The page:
This question was derived from my off-topic questioning here: Does Centralisation Decrease the Probability but Increase the Damage of Exploits?
Like before, I suspect this may be overly abstract as a question. But the excellent responses to my previous question proved me wrong before.
One of the tenets of security seems to be that if something is overcomplicated, the probability of exploiting increases. For example, if an OS has many corner-cases with the permissions system, it'll probably be easier to bypass. If code involves the juggling of pointers and offsets, it'll be more likely to be exploitable via a buffer overflow than a Python script.
Simplicity, however, implies homogeneity. After all, it's simpler to secure fewer OSes, maintain fewer antimalware solutions, and patch fewer applications.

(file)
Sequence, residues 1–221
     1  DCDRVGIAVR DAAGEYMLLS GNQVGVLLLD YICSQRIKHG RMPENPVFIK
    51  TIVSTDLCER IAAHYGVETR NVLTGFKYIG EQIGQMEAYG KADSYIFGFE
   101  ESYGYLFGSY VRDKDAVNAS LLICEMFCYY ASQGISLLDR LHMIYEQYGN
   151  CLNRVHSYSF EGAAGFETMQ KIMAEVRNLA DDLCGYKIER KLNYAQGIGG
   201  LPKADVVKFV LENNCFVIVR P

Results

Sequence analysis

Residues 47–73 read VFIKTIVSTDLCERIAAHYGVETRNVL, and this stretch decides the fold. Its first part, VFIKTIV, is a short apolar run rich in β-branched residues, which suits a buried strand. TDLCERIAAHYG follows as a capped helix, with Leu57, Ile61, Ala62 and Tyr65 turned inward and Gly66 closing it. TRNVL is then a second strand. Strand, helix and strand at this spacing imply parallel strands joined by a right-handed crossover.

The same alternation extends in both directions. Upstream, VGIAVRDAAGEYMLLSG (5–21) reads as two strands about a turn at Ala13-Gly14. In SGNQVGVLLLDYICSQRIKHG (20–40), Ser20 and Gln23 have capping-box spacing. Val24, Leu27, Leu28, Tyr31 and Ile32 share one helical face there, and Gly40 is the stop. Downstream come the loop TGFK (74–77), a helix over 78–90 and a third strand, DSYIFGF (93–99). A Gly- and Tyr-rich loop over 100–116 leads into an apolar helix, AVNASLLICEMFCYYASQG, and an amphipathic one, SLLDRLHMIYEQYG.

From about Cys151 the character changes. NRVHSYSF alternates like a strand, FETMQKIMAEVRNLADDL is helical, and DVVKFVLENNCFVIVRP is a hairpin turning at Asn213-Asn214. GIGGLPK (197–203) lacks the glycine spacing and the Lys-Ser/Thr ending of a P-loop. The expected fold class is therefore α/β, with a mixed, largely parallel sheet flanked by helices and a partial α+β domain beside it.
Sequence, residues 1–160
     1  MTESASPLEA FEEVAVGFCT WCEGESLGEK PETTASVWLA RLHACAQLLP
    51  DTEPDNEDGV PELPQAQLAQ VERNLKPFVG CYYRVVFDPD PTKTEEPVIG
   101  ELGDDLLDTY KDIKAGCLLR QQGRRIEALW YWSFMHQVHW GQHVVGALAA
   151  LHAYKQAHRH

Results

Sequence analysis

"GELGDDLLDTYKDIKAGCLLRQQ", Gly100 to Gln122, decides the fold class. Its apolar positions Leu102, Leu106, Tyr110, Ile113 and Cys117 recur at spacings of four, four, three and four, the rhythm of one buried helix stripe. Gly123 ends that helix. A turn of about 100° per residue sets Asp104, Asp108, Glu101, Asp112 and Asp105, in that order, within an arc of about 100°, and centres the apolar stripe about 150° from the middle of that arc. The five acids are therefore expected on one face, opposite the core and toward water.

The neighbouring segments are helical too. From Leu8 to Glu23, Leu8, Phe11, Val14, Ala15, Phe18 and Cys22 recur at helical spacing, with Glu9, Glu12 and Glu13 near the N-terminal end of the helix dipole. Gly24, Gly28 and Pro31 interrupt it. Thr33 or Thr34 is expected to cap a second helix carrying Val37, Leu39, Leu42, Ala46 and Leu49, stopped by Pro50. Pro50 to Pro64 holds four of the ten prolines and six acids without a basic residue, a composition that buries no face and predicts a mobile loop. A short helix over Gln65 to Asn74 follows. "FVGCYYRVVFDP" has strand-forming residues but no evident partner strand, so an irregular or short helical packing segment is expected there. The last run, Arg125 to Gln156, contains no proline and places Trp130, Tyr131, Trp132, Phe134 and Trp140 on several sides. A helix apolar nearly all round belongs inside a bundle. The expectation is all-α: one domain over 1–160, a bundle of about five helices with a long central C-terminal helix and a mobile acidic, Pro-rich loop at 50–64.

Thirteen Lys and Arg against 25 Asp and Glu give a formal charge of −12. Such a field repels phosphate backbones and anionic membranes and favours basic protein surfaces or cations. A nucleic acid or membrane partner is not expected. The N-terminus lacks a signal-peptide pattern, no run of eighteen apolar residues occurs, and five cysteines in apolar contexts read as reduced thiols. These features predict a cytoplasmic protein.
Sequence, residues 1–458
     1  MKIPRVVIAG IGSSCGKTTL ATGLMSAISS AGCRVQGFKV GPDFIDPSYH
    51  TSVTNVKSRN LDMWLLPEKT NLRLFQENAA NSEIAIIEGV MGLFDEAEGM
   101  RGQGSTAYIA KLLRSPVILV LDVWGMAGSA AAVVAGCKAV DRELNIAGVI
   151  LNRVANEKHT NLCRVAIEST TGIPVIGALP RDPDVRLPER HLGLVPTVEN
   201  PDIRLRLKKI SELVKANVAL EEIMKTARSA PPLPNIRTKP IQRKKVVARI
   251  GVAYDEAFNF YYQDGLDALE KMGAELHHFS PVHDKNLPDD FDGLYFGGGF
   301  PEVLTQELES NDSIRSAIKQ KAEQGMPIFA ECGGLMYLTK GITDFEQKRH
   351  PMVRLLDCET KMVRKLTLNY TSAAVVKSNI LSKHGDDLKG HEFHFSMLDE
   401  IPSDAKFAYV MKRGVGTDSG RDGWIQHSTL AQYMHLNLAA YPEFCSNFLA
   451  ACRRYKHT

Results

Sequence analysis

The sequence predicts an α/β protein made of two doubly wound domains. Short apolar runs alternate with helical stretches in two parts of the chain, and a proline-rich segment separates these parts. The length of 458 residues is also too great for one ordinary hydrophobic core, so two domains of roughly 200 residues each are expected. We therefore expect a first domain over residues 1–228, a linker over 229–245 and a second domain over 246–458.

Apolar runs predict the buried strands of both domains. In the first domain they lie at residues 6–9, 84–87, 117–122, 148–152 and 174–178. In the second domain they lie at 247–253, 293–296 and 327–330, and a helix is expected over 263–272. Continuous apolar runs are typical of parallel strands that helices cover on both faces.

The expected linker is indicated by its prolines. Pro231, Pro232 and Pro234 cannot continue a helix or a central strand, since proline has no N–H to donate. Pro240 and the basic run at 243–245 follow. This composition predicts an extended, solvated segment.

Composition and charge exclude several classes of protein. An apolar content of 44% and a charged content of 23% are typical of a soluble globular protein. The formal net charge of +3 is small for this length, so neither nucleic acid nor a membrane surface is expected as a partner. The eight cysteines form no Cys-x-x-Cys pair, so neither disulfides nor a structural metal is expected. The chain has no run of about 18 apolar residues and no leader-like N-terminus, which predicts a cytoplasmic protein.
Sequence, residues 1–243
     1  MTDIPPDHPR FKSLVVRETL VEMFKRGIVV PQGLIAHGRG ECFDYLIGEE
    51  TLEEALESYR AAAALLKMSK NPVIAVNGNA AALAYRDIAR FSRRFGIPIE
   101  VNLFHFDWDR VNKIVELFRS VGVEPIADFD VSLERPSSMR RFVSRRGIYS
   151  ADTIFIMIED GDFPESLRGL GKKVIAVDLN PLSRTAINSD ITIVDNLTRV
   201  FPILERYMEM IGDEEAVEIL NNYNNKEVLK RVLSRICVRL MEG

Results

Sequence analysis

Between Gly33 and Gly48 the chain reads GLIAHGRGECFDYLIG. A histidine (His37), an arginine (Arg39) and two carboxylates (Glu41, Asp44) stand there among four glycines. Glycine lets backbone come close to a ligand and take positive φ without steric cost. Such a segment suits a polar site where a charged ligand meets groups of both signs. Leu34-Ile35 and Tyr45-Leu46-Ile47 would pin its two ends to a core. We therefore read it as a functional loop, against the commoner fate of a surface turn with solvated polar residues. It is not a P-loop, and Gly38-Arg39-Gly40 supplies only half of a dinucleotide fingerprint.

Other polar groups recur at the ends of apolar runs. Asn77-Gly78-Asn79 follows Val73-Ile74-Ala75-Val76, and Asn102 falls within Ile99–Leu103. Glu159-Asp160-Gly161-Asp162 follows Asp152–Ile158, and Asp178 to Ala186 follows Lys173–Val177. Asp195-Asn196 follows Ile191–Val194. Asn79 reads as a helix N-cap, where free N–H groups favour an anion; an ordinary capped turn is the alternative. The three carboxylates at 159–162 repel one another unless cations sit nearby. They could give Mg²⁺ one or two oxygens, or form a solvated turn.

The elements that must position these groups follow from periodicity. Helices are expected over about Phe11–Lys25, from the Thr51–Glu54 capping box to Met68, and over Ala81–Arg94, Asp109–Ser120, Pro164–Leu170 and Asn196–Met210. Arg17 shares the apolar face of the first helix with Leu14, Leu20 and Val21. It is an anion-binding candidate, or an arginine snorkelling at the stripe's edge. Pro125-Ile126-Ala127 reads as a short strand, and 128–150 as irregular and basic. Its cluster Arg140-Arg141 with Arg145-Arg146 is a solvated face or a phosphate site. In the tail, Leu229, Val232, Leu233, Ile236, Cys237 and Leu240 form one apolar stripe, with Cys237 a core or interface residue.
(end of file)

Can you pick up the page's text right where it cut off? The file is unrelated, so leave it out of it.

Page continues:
Diversity on a site -- such as a diversity of OSes, security packages, and applications -- is obviously less simple to maintain, thus more likely to fatigue the sysadmins and hide corner cases. However, diversity is also more likely to stop malware spreading due to environment incompatibilities, and if a system-dependent failure hits, it'll leave the other systems unscathed.
TL;DR: It seems that simplicity is key to security, especially security via correctness. However, diversity reduces the impact of system-dependent malware or failures. Which approach do those securing sites lean towards on the average case? (Whatever on earth an 'average case' in this situation would be.)